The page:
Most employers know a successful unfair dismissal claim can be
avoided if they have a valid reason for the dismissal and they can
prove they have followed a procedurally fair process.
But what process should an employer follow when it seeks to
dismiss an employee who has been absent from work because of
prolonged illness or injury?
Termination of employment due to an employee's illness or
incapacity can be a very difficult area, particularly as an
employee in this circumstance may be protected by unfair dismissal
legislation, workers compensation laws, anti-discrimination laws,
or disability discrimination laws.
Under the Fair Work Act an employee is protected from
dismissal when temporarily absent due to illness or injury unless
the employee's absence on unpaid personal/carer's leave
extends for more than 3 months, or total absences of 3 months
within a 12 month period.
Many State and Territory workers compensation laws also prohibit
the termination of an employee's employment by the employer
within a specified period of time where the sole or primary reason
for the dismissal is because of the employee's absence on
workers compensation. The 'specified period' can range from
6 months (under NSW law), to 12 months (under Queensland law), or
indefinitely (under South Australian law where the employer employs
10 or more employees).
Alternatively, an employee who is dismissed because of illness
or incapacity may make a claim under relevant disability
Where the illness or incapacity is not connected to employment
and therefore not covered by workers compensation, the employer is
entitled to terminate employment on the ground that there is a
valid reason related to the employee's capacity.
WHAT IS A VALID REASON FOR TERMINATION?
An employee's employment may be validly terminated on the
basis of the employee's illness or incapacity when it can be
demonstrated that this has an adverse impact on the employee's
ability to perform the inherent requirements of their job. In
making decisions around this an employer may be required to show
that they made reasonable adjustments to the role.
However if the employee can demonstrate they are able to perform
the duties and responsibilities of their job, even after a period
of absence from work, a termination of employment will be
considered harsh and unreasonable (Cooper v Balfours Bakery Pty
Employers must also be conscious of their OHS obligations to
employees who have been on long-term absence because of illness.
Whilst an employer is entitled to a reasonable amount of
information which will enable it to ensure that the employee is
capable of returning to work, it must ensure that any direction to
the employee to provide the relevant medical information is a
reasonable and lawful direction.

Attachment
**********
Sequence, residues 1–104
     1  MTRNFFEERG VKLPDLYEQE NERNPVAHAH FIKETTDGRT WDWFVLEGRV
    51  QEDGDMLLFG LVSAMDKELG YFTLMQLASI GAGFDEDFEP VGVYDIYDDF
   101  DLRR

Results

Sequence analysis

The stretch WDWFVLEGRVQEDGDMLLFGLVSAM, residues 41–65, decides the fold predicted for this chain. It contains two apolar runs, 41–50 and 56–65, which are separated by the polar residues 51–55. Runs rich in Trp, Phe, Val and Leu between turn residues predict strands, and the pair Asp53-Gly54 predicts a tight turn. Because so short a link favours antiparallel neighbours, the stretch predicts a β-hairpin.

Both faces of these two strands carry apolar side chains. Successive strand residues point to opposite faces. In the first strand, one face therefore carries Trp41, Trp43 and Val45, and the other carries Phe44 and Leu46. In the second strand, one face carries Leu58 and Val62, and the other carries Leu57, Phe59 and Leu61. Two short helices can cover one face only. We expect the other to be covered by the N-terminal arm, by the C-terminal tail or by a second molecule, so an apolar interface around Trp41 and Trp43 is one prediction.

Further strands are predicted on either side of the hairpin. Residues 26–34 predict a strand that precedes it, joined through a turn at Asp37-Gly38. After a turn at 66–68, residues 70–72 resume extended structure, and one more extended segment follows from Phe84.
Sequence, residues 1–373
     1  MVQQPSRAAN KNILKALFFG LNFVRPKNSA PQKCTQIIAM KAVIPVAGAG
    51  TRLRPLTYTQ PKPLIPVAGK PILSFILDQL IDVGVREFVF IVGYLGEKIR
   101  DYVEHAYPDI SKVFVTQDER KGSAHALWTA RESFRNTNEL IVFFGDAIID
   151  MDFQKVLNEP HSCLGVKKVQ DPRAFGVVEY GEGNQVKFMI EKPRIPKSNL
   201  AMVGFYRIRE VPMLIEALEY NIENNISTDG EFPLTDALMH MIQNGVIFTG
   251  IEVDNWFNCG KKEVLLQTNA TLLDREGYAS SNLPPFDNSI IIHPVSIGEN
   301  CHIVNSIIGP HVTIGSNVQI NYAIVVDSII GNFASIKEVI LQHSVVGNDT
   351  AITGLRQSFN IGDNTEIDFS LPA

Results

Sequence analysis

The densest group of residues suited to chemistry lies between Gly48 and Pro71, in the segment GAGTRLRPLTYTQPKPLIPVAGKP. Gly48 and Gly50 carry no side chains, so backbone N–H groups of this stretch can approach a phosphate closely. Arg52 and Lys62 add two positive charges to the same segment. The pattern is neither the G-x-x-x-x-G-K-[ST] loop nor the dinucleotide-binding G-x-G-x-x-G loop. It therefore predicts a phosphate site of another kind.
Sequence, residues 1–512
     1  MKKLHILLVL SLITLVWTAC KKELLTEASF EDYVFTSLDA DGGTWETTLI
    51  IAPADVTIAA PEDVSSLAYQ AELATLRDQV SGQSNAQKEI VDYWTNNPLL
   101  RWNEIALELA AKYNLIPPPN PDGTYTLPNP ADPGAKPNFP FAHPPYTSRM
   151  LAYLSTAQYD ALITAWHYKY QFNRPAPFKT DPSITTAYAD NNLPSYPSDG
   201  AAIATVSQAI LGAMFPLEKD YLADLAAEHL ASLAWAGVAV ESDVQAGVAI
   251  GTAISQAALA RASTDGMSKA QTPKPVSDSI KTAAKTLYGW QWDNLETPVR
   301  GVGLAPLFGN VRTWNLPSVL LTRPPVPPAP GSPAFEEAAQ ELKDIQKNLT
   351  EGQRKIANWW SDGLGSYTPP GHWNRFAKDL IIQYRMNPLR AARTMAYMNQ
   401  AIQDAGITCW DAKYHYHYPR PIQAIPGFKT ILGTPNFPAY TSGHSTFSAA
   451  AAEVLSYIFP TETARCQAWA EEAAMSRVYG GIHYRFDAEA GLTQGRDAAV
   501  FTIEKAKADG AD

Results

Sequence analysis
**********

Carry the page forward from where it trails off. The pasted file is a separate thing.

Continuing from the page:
In a recent FWA case, Chetcuti v Coles Group Supply Chain
Pty Ltd, an injured NSW worker was terminated after he stopped
providing medical information to his employer. Although the
employee had given his employer a signed consent form for his
doctor to disclose medical information to his employer, he had not
personally provided his employer with any medical information.
The employer terminated the employee for misconduct for not
complying with its directions to supply it with information.
However FWA found that the employee was not guilty of any
misconduct as he had supplied his employer with a consent form
allowing it to obtain the information directly from his doctor.
As such FWA found the termination was harsh, unjust and
unreasonable and the worker was reinstated.
It is recommended that an employer have solid evidence of the
employee's incapacity to work (such as independent medical
assessments) as a basis for any decision making around injured and
It is also advisable to consult with the employee, particularly
a long-serving employee, about the situation, and examine the
feasibility of transferring the employee to a job that is less
physically demanding, or modifying the existing job.
When in doubt, seek expert legal and/or medical advice before
making a decision, as cases involving injury or incapacity are
often costly and lengthy.
The content of this article is intended to provide a general
guide to the subject matter. Specialist advice should be sought
about your specific circumstances.
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Long experience representing many of Australia's leading employers has taught us that in employment litigation the identity of an employee's representative is a major factor in how employee litigation runs.
Australian employees receive certain entitlements (such as annual leave and superannuation) where contractors do not.
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